Amazon has revived its external packaging shipping service, Amazon Shipping, which it temporarily halted during the Covid-19 pandemic.

This move puts Amazon back in direct competition with FedEx and United Parcel Service (UPS).

The service, now available in the contiguous US, handles packages not only from Amazon’s own website but also from other websites and selling channels.

To qualify for participation, businesses must also sell on Amazon’s platform.

As the pandemic led to a surge in online shopping, Amazon expanded its logistics operations to meet the heightened demand. However, in the subsequent year, they found themselves with excess capacity in their network.

To address this, the company sublet millions of square feet of warehouse space and embarked on a significant overhaul of its delivery systems.

Amazon has been on a quest to enhance delivery speed while also adopting more sustainable practices. The company established more same-day delivery centres, ensuring that orders reach customers within a day or less.

Furthermore, Amazon is actively reimagining its packaging to reduce waste, aligning with customer preferences and climate-related goals.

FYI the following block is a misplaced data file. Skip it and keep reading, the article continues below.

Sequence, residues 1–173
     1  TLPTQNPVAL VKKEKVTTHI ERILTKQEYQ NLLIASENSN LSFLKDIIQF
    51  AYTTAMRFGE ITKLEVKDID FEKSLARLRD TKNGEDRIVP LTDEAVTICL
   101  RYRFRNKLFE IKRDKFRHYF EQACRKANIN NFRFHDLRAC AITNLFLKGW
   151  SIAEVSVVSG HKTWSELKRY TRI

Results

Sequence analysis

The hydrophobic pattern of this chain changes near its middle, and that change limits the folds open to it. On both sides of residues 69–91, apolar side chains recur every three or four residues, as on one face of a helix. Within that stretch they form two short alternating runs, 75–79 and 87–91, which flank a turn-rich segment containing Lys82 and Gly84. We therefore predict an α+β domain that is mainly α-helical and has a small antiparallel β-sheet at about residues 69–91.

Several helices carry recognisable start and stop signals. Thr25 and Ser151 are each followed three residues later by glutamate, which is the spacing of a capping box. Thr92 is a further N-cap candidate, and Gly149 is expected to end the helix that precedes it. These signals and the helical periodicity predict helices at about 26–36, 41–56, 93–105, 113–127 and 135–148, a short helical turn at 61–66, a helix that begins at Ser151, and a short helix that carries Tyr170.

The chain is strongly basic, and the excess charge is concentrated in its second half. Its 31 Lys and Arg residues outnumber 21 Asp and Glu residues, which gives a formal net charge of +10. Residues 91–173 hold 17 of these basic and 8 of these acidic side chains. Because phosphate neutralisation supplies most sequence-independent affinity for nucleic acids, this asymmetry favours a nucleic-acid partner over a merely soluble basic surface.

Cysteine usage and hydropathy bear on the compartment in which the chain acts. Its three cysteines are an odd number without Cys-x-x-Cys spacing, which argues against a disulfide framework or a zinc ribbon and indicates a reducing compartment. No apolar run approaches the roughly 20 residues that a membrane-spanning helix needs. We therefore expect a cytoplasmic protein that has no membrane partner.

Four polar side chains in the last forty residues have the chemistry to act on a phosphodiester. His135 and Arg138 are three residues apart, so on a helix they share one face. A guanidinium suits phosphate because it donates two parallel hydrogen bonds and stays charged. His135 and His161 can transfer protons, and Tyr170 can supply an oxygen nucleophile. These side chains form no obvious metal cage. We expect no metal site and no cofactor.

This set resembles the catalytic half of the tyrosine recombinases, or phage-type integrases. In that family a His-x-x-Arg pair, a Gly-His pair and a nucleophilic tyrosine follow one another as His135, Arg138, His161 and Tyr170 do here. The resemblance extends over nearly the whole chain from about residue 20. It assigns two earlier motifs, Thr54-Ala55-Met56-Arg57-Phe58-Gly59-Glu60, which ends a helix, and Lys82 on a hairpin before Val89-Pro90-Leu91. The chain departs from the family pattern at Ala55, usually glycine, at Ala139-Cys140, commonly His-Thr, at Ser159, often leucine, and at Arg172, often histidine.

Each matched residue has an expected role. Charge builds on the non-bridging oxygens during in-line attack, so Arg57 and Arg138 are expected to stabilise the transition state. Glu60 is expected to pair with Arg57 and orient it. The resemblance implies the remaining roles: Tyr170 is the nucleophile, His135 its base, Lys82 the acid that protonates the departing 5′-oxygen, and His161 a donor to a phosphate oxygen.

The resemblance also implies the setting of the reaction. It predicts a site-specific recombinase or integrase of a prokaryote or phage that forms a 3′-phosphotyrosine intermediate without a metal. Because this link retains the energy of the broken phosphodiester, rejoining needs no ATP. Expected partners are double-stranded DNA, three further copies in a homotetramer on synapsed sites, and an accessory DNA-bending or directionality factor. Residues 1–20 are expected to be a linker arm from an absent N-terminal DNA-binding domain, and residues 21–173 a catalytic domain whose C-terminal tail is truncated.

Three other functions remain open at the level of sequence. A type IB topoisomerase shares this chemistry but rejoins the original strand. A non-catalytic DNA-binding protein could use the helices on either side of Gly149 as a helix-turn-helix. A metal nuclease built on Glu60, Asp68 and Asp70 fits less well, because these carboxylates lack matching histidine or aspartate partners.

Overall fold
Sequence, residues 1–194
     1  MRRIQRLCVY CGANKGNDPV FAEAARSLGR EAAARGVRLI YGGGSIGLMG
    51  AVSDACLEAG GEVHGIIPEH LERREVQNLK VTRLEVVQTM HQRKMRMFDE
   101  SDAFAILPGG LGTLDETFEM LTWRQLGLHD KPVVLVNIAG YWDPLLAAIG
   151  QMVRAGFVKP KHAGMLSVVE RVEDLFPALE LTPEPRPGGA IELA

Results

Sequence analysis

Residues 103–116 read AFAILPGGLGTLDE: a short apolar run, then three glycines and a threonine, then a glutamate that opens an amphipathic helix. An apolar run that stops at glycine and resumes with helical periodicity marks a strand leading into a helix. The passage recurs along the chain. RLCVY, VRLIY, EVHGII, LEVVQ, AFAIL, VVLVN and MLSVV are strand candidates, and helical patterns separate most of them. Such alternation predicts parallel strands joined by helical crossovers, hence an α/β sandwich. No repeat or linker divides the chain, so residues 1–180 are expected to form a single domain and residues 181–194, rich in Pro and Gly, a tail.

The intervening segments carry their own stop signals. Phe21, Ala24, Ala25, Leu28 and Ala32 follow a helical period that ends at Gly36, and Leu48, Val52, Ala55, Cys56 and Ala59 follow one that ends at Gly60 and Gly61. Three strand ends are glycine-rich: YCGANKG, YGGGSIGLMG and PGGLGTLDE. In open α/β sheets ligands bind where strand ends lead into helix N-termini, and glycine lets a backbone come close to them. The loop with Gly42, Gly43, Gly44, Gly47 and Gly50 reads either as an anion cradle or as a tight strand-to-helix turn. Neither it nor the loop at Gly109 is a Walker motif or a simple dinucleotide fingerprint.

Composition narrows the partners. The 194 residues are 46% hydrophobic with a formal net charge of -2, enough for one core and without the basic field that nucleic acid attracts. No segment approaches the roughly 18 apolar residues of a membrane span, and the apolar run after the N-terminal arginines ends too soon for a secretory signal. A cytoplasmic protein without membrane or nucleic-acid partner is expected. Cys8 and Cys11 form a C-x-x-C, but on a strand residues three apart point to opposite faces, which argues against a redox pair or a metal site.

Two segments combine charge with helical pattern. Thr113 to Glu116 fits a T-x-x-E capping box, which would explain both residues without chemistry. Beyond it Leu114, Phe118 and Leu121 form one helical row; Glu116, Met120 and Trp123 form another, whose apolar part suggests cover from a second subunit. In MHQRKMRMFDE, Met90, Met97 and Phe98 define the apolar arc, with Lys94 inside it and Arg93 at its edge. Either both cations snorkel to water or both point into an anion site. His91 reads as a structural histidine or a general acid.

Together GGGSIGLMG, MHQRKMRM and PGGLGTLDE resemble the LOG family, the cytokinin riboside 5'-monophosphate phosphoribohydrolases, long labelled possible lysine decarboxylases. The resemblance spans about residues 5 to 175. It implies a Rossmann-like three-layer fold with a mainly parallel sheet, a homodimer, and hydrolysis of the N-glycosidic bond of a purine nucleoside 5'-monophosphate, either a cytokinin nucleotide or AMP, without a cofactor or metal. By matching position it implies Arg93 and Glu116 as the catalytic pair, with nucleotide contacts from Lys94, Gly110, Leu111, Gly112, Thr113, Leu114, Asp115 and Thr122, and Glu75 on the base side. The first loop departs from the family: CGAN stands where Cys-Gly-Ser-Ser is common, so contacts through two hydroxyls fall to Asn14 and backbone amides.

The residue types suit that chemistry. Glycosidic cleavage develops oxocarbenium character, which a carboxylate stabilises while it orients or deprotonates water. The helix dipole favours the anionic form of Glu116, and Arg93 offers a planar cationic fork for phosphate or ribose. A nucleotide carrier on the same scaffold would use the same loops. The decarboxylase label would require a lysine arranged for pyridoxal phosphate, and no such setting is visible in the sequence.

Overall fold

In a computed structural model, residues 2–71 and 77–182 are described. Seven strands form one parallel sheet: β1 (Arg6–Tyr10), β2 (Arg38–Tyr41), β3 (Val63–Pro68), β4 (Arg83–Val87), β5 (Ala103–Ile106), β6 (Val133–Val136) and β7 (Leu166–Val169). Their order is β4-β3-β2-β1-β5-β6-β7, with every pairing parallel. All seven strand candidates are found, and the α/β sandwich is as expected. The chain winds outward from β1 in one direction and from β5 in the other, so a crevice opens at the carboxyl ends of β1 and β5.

A rivalry renewed

Once heavily reliant on FedEx and UPS for its delivery services, Amazon gradually built its own extensive shipping network. This network encompasses hundreds of warehouses and an extensive fleet of vans, planes and long-haul trucks.

Amazon introduced the Amazon Shipping service in 2018. A year later, it terminated its shipping contract with FedEx due to increasing competition.

Executives temporarily paused Amazon Shipping during the pandemic’s peak when orders flooded in due to lockdowns. However, they have now reopened the program to sellers, inviting them to take advantage of this shipping option.

Amazon spokeswoman Olivia Connors said: “We’re always working to develop new, innovative ways to support Amazon’s selling partners and Amazon Shipping is another option for shipping packages to customers quickly and cost-effectively. We’re now making it available to more selling partners.”

Logistics continues to be a focal point for Amazon, a priority maintained by Chief Executive Andy Jassy. It remains the engine powering Amazon’s retail business and a critical touchpoint with customers.

Healthy profits reflect a reawakening across various areas

The company has recently doubled down on speed, optimising its logistics division to bring packages closer to customers and establishing more same-day delivery centres, further reducing delivery times.

Amazon’s recent robust earnings report indicates a resurgence across various segments, from online retail to digital advertising. Despite not growing at its previous rate, the company demonstrated a rebound from a period of slower growth and layoffs.

In the second quarter, its revenue surged nearly 11% to $134.2bn, surpassing analyst expectations. Amazon projects a similar pace of expansion for the current quarter, showcasing its enduring strength in the e-commerce sector.